“Imagined Communities: Thriving in the Pandemic and Beyond.”
- You delivered recently a virtual keynote on “imagined communities” and referenced Zoom as one of the most recent new imagined Communities due to Covid-19. Tell us more about it and what constitutes being an imagined community?
The late Benedict Anderson, a political scientist, coined the term “imagined communities.” He had been studying the relationship between literacy in the vernacular and the rise of nationalism. In his construct, it all goes back to Johannes Von Gutenberg, who invented the movable-type printing press in the 15th century and made it possible for many more people to read The Bible and other books in the vernacular. Anderson believed that the ability to get those books to a wide audience, made possible by this new technology, created a sort of communion that led people to imagine that others whom they didn’t know but who looked like them and spoke the same language were reading those books, too. That’s why it’s called an imagined community, because you are imagining that others whom you don’t know are doing the same things you are.
The European nations that Anderson was studying were imagined communities based on language and ethnicity. The original 13 states of the U.S. were an imagined community based in part on ideas that had taken root in the enlightenment. Some imagined communities have no borders. Take Wall Street. You could be a hedge fund trader in California and never set foot in New York; you’re definitively part of Wall Street. And take Hollywood. You could own a production company in Santa Monica, shoot movies in Burbank and never set foot in Hollywood; you are definitively part of Hollywood. A number of businesses have tried to start imagined communities among their customers. Apple, especially under Steve Jobs, was wildly successful at that. Customers would stand in line for hours to be among the first to purchase a new iPhone. The Star Wars franchise became an imagined community. The fans knew the characters and the story lines, chatted about them incessantly and camped out before each new film.
COVID-19 has produced a unique phenomenon. As more and more people participate in Zoom meetings while cloistered at home, they started using that technology to expand their networking. They participated in webinars, connected with people around the world who had similar interests and established new imagined communities. These communities are products of what Manuel Castells has called a network society. “a society in which the key social structures and activities are organized around electronically processed information systems.” People are discovering that they can establish new worldwide networks by going online and seeking out others with similar interests. This, of course, has been done ever since the internet was invented. But COVID-19 has driven more of us to do it more often.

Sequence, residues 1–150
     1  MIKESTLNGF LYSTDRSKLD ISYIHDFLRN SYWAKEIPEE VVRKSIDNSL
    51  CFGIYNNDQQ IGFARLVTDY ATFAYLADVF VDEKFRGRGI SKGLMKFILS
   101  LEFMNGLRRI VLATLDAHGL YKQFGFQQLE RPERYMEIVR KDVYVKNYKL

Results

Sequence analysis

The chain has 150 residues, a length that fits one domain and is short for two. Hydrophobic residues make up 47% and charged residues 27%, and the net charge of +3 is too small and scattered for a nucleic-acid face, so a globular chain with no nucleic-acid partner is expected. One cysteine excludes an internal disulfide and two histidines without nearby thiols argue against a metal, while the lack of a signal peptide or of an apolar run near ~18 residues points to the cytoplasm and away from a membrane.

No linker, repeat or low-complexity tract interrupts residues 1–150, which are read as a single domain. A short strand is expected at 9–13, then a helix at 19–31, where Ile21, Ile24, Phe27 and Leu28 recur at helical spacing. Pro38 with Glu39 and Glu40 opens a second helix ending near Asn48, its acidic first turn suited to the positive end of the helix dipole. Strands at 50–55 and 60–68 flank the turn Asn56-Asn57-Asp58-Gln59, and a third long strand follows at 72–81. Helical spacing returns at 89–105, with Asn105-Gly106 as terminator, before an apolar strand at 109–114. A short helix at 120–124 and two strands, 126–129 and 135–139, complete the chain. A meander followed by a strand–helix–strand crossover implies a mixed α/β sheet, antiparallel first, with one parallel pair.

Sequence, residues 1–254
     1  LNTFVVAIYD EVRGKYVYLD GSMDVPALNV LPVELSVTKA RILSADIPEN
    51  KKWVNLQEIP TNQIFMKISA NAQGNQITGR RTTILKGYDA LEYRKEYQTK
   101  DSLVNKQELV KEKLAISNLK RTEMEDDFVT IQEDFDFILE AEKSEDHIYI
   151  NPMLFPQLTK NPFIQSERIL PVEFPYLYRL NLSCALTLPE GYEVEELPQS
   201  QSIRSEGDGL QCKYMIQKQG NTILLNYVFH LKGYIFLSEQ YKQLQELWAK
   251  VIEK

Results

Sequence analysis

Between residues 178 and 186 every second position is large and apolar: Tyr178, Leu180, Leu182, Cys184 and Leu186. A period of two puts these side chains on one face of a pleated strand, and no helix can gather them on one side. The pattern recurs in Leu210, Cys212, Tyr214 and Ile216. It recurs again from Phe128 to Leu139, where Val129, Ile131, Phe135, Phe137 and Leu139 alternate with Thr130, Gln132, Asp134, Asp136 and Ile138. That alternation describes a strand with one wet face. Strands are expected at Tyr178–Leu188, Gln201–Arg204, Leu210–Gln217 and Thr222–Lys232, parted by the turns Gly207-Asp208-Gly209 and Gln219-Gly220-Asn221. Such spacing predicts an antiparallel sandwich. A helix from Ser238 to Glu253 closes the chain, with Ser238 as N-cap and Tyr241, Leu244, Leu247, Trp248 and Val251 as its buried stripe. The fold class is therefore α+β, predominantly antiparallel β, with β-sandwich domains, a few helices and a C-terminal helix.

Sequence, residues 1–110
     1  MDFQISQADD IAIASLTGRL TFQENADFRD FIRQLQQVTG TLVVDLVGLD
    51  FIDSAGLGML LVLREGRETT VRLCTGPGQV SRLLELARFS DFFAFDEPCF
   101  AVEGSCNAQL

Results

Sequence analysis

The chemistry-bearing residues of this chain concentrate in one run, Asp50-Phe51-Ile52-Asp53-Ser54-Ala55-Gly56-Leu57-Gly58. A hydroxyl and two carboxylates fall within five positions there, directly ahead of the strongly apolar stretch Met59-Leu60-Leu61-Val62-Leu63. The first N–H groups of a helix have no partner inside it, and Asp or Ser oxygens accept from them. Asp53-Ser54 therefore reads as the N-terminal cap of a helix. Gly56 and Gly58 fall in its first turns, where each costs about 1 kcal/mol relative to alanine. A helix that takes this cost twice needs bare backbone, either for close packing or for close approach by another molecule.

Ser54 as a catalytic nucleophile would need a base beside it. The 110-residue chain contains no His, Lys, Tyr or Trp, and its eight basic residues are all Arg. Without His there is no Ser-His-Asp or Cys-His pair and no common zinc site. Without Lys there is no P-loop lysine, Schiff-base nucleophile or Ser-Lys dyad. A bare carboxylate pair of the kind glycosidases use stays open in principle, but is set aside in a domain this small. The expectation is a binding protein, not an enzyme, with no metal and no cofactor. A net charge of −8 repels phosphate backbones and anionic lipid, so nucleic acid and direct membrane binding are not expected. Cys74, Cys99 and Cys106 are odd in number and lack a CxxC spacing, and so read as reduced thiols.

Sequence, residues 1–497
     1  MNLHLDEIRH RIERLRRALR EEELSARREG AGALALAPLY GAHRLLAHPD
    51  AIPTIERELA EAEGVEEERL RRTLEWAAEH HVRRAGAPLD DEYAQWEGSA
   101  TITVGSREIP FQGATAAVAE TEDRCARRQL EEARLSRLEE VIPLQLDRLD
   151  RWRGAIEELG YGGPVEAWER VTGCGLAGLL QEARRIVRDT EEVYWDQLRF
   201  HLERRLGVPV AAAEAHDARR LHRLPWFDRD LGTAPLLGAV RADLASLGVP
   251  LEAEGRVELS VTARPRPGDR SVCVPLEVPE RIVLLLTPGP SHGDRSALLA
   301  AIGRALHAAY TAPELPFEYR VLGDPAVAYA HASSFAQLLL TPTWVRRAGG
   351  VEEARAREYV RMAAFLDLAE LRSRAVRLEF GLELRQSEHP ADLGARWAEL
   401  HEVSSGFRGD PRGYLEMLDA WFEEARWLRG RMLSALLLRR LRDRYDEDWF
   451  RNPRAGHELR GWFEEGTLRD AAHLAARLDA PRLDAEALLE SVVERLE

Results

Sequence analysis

2. What is your favorite Imagined Community and why?
That’s really hard to say. I like any imagined community in which I feel comfortable. If I feel that this is “my crowd,” I am more likely to stay. For example, I have been a journalist for most of my working career. If I visit a newsroom that is far from my home, I know the kinds of characters and personality types I’m going to meet there even before I walk through the door. That’s the essence of an imagined community: You may not know everyone personally, but you know who they are without meeting them. Fraternity men and sorority women may know only a fraction of their brothers and sisters around the world, but they feel deep kinships with them. That kinship, that sort of feeling of exclusivity, is central to imagined communities.
3. What do you do for your well-being in this Covid-19 Era?
I’m doing my best to keep my brain engaged while keeping my nose and mouth covered.
Jerry Edling is a writer and editor for KNX, the only all-news radio station in Los Angeles, and a former editor-in-chief of “”Public Diplomacy Magazine.” He has been nominated for three Emmy Awards and five Writers Guild Awards and has won three Associated Press Awards and two Golden Mike Awards. He holds a Master of Public Diplomacy degree from the University of Southern California.